yesterday street+LOC a man+DAT meet+PST+1st very old ‘I yesterday met a very old man on the street’

d. * dün sokak+ta adam+dan şüphelen+dõ+m çok yaşlõ yesterday treet+LOC man+ABL suspect+PST+1st very old

‘I yesterday suspected the very old man on the street’ e. * dün sokak+ta bir adam+dan şüphelen +dõ+m çok yaşlõ yesterday street+LOC a man+DAT suspect +PST+1st very old

‘I yesterday suspected a very old man on the street’



The two sections above lead to this important observation about scrambling: that direct object-internal constituents may only occur outside of their syntactically canonical positions when the noun in the direct object is not marked for accusative case.

From section (, we may additionally draw another conclusion about the distribution of subscrambling: that subscrambling may only occur when the direct object is left-adjacent to the verb.

Lastly and very importantly, subscrambling provides the evidence in Kornfilt (2003) for noun incorporation in Turkish, which we assume in our proposal for partitive syntactic structure. An overview of this proposal is given in below in

2.4 The partitive

Partitive structures in Turkish correspond to the English forms half of the onions and two of the boys. Four syntactic mechanisms for creating partitive forms exist in Turkish. As the partitive is the object of our investigation, all four are described here, but it is the last two, the lexically headed partitive and the naked partitive, that we analyze in Chapter 4.

2.4.1 Genitive-marked structures

The first mechanism for creating partitives in Turkish involves marking the superset of the partitive with genitive case, while the head receives the suffix –(s)I, which von Heusinger and Kornfilt (2005)8 glosses as an agreement marker.9 That is, in the Turkish equivalent of half of the onions, it is the onions that would be marked with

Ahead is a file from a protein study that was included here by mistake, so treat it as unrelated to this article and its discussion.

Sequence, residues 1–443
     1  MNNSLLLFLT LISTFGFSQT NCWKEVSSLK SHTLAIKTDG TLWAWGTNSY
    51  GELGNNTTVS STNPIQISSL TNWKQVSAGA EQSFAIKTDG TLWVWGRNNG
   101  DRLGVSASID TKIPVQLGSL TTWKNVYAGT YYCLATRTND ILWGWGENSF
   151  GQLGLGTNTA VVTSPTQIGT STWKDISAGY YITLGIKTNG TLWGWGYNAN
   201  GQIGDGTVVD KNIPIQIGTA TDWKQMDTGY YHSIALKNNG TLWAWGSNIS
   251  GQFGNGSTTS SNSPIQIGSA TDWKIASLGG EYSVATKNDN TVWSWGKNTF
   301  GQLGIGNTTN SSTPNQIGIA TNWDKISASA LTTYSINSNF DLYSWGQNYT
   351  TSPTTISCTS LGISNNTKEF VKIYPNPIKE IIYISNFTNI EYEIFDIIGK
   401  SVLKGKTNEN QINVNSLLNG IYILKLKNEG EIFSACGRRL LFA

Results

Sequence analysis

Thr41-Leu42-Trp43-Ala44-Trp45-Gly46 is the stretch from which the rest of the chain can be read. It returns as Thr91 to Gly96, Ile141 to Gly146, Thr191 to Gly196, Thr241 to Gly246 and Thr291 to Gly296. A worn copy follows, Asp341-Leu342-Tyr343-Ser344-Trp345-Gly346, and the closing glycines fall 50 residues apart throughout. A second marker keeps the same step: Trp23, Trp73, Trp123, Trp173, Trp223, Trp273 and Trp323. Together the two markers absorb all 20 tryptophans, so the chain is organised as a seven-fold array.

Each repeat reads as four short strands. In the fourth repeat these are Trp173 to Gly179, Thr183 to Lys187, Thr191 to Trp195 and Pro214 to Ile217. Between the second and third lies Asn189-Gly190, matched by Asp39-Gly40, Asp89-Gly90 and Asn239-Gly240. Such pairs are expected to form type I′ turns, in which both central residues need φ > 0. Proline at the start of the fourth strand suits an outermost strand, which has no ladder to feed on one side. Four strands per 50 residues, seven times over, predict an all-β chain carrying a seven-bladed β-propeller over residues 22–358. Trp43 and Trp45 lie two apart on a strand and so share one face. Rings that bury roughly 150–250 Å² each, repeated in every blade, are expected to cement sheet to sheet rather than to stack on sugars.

8 Hereafter ‘H&K (2005).’



genitive case, while half would receive the agreement marker. Like nonpartitives, adjectival material can modify the head of the NP, but note that in (16a), such modifiers intervene between the partitive’s two nominal constituents.

(16) a. soğan+lar+õn çürük yarõ+sõ

onion+PLU+GEN rotten half+POS ‘the rotten half of the onions’ b. bilgisayar+lar+õn hangi+leri

computer+PLU+GEN which+POS

‘which (ones) of the computers’

2.4.2 Ablative-marked structures

A second mechanism for expressing partitive relationships in Turkish is very similar to the first. The major morphological difference is that instead of marking the superset with genitive case, the ablative is instead used. Again, adjectival material may intervene between the two constituents when that material will modify the second noun in the partitive.

(17) a. soğan+lar+dan çürük hiçbir+i onion+PLU+ABL rotten none+POS

‘none (which are rotten) of the onions’ b. bilgisayar+lar+dan hangi+ler+i

computer+PLU+GEN whick+PLU+POS


19 Ablative structures without agreement

Ablative case may also be used in partitive structures whose heads are not marked the possessive –(s)I. Unlike the two previous constructions, the partitive head is filled not with a quantifier but with a lexical noun, but like the others, modifying material may occur within the partitive. Consider the examples below.

(17) c. ben pasta+dan iki dilim+i ye+di+m

I cake+ABL two slice+ACC eat+PST+1st.SING ‘I ate two slices of the cake’

(17) d. ben pasta+dan fazla dilim ye+di+m

I cake+ABL leftover slice eat+PST+1st.SING ‘I ate leftover slices of the cake’

2.4.3 ‘Naked’ partitives

Another partitive construction in Turkish also involves ablative case, but is distinguished from the structures above in that it has no overt head. That is, the superset within the partitive is marked with ablative case but is not followed by a lexical noun.

(18) a. ben soğan+lar+dan Ø ye+di+m I onion+PLU+ABL (pro) eat+ PST+1st

‘I ate of the onion’

b. aslõ şarap+tan Ø iç+ti+Ø A wine+ABL (pro) drink+ PST+3rd



Kornfilt (1996) convincingly argues that these forms are structurally true partitives, and that the head of the partitive is present in the form of a phonologically unexpressed pro. This head is nonspecific, and carries the meaning of, in her words, ‘some amount of X,’ where X is the ablative-marked noun.

2.4.4 Restriction on formation of ablative partitives